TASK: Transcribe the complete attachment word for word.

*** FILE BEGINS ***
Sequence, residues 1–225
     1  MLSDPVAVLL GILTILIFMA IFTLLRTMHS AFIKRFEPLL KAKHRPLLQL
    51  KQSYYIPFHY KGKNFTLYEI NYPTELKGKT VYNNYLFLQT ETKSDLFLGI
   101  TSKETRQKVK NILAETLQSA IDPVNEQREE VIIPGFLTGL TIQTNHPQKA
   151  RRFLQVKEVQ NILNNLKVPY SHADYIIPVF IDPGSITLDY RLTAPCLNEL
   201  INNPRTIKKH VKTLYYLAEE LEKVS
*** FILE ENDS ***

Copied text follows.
Sequence, residues 1–225
     1  MLSDPVAVLL GILTILIFMA IFTLLRTMHS AFIKRFEPLL KAKHRPLLQL
    51  KQSYYIPFHY KGKNFTLYEI NYPTELKGKT VYNNYLFLQT ETKSDLFLGI
   101  TSKETRQKVK NILAETLQSA IDPVNEQREE VIIPGFLTGL TIQTNHPQKA
   151  RRFLQVKEVQ NILNNLKVPY SHADYIIPVF IDPGSITLDY RLTAPCLNEL
   201  INNPRTIKKH VKTLYYLAEE LEKVS